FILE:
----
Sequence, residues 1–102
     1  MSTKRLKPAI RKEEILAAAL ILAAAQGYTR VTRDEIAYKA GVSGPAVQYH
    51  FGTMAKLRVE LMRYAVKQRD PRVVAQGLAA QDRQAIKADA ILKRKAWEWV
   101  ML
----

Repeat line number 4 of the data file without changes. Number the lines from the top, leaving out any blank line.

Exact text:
   101  ML